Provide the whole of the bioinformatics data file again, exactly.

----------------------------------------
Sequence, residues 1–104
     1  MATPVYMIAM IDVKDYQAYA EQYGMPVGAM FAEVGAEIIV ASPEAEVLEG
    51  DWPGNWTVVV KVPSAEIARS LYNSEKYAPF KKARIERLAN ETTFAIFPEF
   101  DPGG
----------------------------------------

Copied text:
Sequence, residues 1–104
     1  MATPVYMIAM IDVKDYQAYA EQYGMPVGAM FAEVGAEIIV ASPEAEVLEG
    51  DWPGNWTVVV KVPSAEIARS LYNSEKYAPF KKARIERLAN ETTFAIFPEF
   101  DPGG